reposted with Brad’s permission — Rich
School Safety Through Firepower
By Bradley Harrington
Published in the Wyoming Tribune Eagle on February 13, 2015.
“Any politician who won’t trust you with the weapon of your choice clearly cannot be trusted with the power he desires over your life.” – Aaron Zelman and L. Neil Smith, “Hope,” 2009 –
Most citizens would agree that a person’s right to life doesn’t mean much without the corollary right to self-defense that must accompany it as well.
Some local school officials and parents, however, don’t seem to have much use for either, judging from the nonsense they’re spewing regarding Wyoming House Bill 114 (which would abolish nearly all of Wyoming’s current “gun-free zones,” including in the public schools).
Regarding this bill, already passed in the House and now before the Senate, LCSD1 Superintendent John Lyttle said:
“’This needs to be balanced with safety of students and staff’… One of the first priorities for the district is to provide students with a safe environment, he said.” (“Officials: Guns not welcome in school,” WTE, Feb. 10.)
Hmmm… Let’s consider some historical facts of reality – for, unfortunately enough, the inability for a good guy to quickly gain access to a firearm didn’t do much to help the 20 kids and six staff members brutally murdered in 2012 by a disgruntled, gun-firing nutcase at Sandy Hook Elementary School.
Nor did that inability save the lives of the 32 people shot dead by another disgruntled, gun-firing nutcase at the Virginia Polytechnic Institute back in 2007.
[Sidebar: Sadly enough in regard to this last massacre, Mr. Lyttle’s brain-brother, Virginia Tech spokesman Larry Hincker, praised the Virginia State Legislature’s scuttling of a bill just a year earlier that would have eliminated their “gun-free” zones: “I’m sure the university community is appreciative of the General Assembly’s actions because this will help parents, students, faculty and visitors feel safe on our campus,” he said. (“Gun bill gets shot down by panel,” Roanoke Times, Jan. 30, 2006.)]
So, Mr. Lyttle: just how, exactly, do you intend on providing a “safe” environment? By going after the next disgruntled, gun-firing nutcase who might decide to show up on one of your campuses with a pair of scissors?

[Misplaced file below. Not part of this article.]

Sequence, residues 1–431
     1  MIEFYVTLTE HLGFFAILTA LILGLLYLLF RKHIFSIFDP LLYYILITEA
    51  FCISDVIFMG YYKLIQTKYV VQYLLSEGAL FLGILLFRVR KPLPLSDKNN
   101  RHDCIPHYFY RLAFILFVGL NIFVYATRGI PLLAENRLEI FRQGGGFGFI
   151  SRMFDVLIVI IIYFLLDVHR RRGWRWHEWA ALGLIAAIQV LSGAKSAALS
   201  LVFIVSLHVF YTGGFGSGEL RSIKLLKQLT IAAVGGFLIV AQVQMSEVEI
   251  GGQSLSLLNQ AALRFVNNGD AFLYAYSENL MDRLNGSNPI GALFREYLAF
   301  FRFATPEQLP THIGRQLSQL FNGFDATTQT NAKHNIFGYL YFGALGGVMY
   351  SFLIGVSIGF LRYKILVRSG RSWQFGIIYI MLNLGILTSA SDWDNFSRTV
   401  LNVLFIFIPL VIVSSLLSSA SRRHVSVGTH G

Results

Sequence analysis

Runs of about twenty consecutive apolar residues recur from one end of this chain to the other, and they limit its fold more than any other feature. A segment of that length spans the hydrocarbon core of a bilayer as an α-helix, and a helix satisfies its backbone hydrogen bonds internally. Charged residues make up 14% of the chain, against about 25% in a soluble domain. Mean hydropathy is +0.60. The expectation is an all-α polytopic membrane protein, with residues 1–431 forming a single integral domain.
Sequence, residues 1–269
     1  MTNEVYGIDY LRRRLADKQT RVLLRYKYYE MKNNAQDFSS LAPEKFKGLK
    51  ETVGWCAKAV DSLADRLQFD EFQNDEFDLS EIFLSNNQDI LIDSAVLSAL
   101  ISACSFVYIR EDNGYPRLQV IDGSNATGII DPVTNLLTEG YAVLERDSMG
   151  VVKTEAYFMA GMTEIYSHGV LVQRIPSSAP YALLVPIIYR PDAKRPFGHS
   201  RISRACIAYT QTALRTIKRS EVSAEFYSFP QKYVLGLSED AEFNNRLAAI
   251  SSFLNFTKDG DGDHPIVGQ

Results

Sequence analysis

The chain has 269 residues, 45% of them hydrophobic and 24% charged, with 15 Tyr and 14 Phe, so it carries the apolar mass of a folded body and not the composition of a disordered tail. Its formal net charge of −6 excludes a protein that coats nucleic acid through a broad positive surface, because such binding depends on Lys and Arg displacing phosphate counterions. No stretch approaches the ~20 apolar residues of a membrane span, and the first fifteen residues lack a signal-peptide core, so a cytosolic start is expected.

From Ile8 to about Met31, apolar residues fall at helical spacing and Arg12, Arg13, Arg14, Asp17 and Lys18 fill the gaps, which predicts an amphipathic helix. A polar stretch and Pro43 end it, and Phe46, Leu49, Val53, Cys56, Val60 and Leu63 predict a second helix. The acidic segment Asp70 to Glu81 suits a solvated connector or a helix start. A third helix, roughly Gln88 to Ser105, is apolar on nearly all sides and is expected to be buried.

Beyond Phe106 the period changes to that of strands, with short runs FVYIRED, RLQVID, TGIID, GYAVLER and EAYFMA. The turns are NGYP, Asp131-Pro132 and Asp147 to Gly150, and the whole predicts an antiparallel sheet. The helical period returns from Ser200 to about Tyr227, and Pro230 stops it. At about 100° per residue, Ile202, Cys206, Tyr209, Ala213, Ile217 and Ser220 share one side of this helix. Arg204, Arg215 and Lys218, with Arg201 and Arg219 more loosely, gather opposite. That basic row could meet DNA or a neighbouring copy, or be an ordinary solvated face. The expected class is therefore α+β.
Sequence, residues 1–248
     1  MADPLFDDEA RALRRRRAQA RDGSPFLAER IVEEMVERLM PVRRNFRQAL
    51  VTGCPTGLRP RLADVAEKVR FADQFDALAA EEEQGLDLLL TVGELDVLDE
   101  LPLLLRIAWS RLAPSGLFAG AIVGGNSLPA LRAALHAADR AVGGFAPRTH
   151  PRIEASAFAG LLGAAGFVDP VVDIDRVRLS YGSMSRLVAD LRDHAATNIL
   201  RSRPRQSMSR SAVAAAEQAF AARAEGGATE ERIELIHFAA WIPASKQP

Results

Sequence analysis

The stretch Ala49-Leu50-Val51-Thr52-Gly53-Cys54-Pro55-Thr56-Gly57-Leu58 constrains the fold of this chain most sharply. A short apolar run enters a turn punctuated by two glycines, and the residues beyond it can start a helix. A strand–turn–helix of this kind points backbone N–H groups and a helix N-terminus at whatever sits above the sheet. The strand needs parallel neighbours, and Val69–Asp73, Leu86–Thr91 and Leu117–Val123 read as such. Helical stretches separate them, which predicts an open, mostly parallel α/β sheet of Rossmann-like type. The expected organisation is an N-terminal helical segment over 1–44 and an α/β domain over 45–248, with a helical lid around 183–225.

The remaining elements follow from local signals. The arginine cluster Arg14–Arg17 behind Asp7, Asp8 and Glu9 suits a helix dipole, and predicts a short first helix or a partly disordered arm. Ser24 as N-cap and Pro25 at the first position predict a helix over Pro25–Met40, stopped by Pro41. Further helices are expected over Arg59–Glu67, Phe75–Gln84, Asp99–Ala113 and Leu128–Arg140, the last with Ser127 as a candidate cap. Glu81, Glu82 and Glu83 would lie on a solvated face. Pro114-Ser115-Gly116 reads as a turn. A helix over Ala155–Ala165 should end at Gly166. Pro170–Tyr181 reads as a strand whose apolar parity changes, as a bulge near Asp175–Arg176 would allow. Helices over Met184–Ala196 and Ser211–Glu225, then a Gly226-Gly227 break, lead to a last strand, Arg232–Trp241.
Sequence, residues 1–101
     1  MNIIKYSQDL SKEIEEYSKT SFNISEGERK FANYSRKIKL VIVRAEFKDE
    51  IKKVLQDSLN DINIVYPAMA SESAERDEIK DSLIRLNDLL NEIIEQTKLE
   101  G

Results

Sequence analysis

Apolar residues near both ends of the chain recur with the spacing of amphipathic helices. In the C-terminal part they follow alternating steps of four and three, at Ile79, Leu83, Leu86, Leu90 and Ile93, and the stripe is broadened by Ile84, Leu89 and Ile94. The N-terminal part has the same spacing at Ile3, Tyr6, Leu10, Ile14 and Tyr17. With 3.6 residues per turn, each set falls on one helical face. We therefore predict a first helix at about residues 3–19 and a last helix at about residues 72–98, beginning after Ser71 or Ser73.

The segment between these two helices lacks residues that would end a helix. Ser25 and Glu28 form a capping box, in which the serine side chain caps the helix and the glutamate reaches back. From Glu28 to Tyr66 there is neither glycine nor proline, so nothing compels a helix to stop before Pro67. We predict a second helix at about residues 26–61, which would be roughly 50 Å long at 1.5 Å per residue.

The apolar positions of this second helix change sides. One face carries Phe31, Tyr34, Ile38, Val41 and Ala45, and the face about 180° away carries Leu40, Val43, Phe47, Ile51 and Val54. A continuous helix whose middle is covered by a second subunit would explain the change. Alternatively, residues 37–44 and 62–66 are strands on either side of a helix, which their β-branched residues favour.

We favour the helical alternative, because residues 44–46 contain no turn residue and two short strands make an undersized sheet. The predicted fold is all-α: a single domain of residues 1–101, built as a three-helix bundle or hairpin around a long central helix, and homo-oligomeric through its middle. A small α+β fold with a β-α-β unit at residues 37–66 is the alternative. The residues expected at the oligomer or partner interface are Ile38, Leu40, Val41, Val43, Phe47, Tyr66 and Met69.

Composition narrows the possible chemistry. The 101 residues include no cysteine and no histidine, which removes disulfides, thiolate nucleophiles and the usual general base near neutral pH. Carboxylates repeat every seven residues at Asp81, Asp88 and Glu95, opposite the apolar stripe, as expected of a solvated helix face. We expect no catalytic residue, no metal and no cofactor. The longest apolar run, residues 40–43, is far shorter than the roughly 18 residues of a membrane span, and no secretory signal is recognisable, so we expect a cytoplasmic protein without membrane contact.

Just to prove that Mr. Lyttle is not the only well-meaning fool promoting his topsy-turvy concept of “safety,” however, we can also add some parents to that mix as well:
“He [Lyttle] added that some parents already have said they will move their students to schools in Colorado if the bill is approved.”
Now there’s a great idea. Down to Columbine High School, possibly, where yet another pair of disgruntled, gun-firing nutcases slaughtered 12 students and a teacher back in 1999?
Here’s a couple of questions for both Mr. Lyttle and those parents: how “safe” do you think those Columbine students, ensconced in their “gun-free zone,” felt 30 seconds before the bullets started to fly, as compared to three minutes later?
In answer to those who claim that granting teachers, staff and other adults their right to pack weapons won’t help stop these atrocities, history says you’re wrong – for that’s exactly what happened at both Virginia’s Appalachian School of Law in 2002 and Mississippi’s Pearl High School in 1997.
But, in both of those instances, it bears mentioning, the individuals who finally subdued the shooters had to first run to their vehicles to retrieve their weapons before they could act.
So, regarding those two shootings, here’s a third question, the same question I asked of the University of Wyoming’s Faculty Senate a few months back, regarding their desire to maintain a “gun-free zone” on campus:
“What would have happened in those ‘gun-free zones’ if students and/or faculty had already been armed at the time the shootings began?” (“Call it a ‘shoot-me zone,’” WTE, Oct. 10, 2014.)
So, since true safety is obviously not a concern for Mr. Lyttle, what’s he really worried about if HB 114 passes? “Some federal money is tied to the fact that a school is a gun-free zone, and there hasn’t been any guidance given on how to manage that, he said.”
And there you have it. God forbid that Mr. Lyttle might lose his “free” federal dollars, and just what is he supposed to do when his federal masters fail to provide him with the proper “guidance”?
This, ladies and gentlemen, is what passes for “administration” at LCSD1. What a tragedy, both now and in the making. The LCSD1 Board should seriously consider relieving this man of his duties and find someone who truly cares about the health and welfare of the students in his charge.
As for the Wyoming Legislature: kudos to the House members who voted for passing HB 114, and may their colleagues in the Senate have the foresight, fortitude and respect for an individual’s right to defend their lives to pass it there as well.
Bradley Harrington is a computer technician and a writer who lives in Cheyenne, Wyoming; he can be reached at firstname.lastname@example.org.